Finger massage designed to release muscle tension and promote healing by applying pressure to “energy points” or “meridians” in the body. The pressure applied to these vital points (the same points used in acupuncture) was identified by medical practitioners in China centuries ago and is believed to improve the flow of energy (chi) throughout the body. Similar in many ways to Shiatsu.
An ancient oriental healing technique discovered and developed more than three thousand years ago, acupuncture is based on Taoist philosophy. The aim is to balance the energy meridians to permit the body to “heal itself. A relatively painless technique, it is administered by inserting fine needles at key points of the body that relate to different organs in order to relieve muscular, neurological and arthritic problems, cure disease and relieve pain (as in surgery). Alternative related techniques include the use of low voltage electric current (electro acupuncture), or pinpoint massage (acupressure) to those key body points.
Series of rhythmic exercises, set to music, used to stimulate the aerobic capacity of heart and lungs, burn fat, and improve endurance. These movements are fully supported by oxygen delivered to the working muscles by the blood circulation. Examples of aerobic activity include walking, ballroom dancing, and steady, slow jogging. In contrast to aerobic activity, anaerobic exercise involves muscular work that is not fully supported by the oxygen available from the circulating blood. Activities like weight lifting, bodybuilding, and sprinting (100-yard dash) have a large anaerobic component. (See also Low-impact aerobics).
Similar to visualization, this technique is used to overcome physical ailments (e.g. backaches) and emotional problems (e.g., family or professional problems) through repetition of a positive statement. For example, a person who is afraid of flying would repeat, “I like to fly” and envision a pleasant flying experience.
Most people stand and move in imbalanced ways that result in a multitude of physical problems, such as backaches. The Alexander Technique is a massage system created in the 1890s by the Australian actor F. M. Alexander to correct those physical habits that cause stress. This technique teaches how to move with greater ease and coordination by focusing on correct posture, the right way to lift objects, the proper position of feet when standing, the angle of one’s shoulders and so forth.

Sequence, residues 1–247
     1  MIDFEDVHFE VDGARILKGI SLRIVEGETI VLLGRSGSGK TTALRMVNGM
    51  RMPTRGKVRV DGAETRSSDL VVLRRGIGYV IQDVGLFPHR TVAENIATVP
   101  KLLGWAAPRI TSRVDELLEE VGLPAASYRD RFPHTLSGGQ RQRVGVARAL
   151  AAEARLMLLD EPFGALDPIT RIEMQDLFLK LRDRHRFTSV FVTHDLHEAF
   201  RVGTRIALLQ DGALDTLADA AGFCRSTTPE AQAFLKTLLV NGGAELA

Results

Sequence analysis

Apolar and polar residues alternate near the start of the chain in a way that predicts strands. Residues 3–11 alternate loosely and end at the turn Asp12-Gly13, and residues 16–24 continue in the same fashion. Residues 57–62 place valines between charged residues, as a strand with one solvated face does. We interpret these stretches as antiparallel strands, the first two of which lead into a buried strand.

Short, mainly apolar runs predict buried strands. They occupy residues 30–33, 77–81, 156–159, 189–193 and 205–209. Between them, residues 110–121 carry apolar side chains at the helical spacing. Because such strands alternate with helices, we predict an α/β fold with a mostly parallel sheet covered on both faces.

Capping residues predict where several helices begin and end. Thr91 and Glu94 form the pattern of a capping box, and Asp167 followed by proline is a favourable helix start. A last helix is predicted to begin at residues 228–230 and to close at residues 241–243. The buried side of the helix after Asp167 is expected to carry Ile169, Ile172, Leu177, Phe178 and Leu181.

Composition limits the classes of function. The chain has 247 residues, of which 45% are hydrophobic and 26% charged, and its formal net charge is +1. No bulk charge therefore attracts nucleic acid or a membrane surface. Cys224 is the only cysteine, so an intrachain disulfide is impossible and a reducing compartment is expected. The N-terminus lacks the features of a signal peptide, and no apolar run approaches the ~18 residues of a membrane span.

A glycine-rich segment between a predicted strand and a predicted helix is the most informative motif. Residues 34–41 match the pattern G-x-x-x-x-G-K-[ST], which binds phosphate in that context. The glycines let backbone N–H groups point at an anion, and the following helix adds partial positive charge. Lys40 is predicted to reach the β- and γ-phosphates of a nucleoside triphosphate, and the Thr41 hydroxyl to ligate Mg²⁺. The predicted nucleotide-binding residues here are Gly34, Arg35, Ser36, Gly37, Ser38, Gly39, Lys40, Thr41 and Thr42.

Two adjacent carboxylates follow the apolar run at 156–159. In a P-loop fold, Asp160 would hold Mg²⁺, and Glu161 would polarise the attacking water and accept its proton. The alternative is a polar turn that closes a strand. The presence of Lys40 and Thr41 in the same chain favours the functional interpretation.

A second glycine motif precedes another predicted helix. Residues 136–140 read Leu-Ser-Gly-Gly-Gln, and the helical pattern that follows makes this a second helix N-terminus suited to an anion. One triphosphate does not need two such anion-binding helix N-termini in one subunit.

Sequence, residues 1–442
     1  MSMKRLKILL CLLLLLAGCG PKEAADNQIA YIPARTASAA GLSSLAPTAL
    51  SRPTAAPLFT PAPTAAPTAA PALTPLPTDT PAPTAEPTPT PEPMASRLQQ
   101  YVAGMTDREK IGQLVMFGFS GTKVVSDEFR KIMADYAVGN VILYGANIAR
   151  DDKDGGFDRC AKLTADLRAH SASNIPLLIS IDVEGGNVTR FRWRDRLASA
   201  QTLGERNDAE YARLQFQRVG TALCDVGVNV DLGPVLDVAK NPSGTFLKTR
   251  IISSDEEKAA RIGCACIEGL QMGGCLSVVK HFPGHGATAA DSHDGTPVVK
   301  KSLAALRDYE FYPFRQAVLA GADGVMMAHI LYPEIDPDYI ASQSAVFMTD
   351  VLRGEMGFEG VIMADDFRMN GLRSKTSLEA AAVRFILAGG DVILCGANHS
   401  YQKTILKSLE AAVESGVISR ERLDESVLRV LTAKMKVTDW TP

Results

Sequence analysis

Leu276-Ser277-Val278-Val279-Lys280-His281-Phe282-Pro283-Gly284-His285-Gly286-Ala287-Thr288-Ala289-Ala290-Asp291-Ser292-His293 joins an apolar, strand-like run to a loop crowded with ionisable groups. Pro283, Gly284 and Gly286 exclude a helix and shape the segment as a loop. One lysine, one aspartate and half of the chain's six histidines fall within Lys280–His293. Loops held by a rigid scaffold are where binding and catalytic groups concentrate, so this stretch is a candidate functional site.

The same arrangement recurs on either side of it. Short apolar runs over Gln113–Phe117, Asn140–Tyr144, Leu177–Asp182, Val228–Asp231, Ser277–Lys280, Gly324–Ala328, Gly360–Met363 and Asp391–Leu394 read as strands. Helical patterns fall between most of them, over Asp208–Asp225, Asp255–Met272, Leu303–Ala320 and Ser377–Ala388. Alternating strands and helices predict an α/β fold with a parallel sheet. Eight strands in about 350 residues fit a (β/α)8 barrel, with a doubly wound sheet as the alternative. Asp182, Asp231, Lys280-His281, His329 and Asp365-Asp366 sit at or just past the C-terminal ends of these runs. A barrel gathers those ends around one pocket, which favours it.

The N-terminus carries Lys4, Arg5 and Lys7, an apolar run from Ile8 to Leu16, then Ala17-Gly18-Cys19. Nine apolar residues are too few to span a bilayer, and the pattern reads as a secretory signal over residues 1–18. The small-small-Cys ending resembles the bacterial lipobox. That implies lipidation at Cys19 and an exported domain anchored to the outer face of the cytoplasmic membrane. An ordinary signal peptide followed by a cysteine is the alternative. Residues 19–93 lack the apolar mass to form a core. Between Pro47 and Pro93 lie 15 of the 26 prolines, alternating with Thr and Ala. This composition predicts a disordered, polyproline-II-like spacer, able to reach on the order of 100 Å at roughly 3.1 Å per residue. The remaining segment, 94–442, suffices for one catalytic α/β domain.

Seaweed bath. See Thalassotherapy.
Treatments based on speculative or abstract reasoning. Such treatments include: Acupuncture, Aromatherapy, Ayurveda Treatment, Cathiodermie, Colonic, Cranio-sacral Therapy, Electro Therapy, Energy Balancing, Fango, Flotation, Gerovital, Gommages, Homeopathy, Light Treatment, Lymph Drainage, Mud Therapies, Music Therapy, Panchakarma, Phytotherapy, Primordial Sound, Reiki, Spinal Release Therapy and Ultrasound.
Involves exercise and muscular work that is not fully supported by blood circulation and delivery of oxygen to the working muscles. Weight lifting and bodybuilding are examples of anaerobic exercise. The opposite of aerobic exercise.
The study of muscles, especially the mechanics of human motion.
Aqua Aerobics (Aquaerobics)
Aerobics workouts performed in a swimming pool. Water resistance is utilized to stretch, strengthen and increase stamina. This activity is also commonly known as aquacize.
Aerobics workouts performed in a swimming pool. Water resistance is utilized to stretch, strengthen and increase stamina. This activity is also commonly known as aqua aerobics.
An ancient healing art dating back to 4500 B. C., Aromatherapy usually refers to treatments such as massage, facials, body wraps or hydro baths with the application of essential oils from plants, leaves, bark, roots, seeds, resins and flowers. These oils are used to treat emotional disorders, organ dysfunction, and skin problems through a variety of internal and external application techniques. Plants and flowers from which these oils are extracted include rosemary, lavender, roses, chamomile, eucalyptus and pine.
Aslan Therapy (Aslavital)
The use of either Gerovital H3 or Aslavital drugs, both developed by Dr. Ana Aslan of Romania. Both are used for their regenerative effect in fighting the aging process.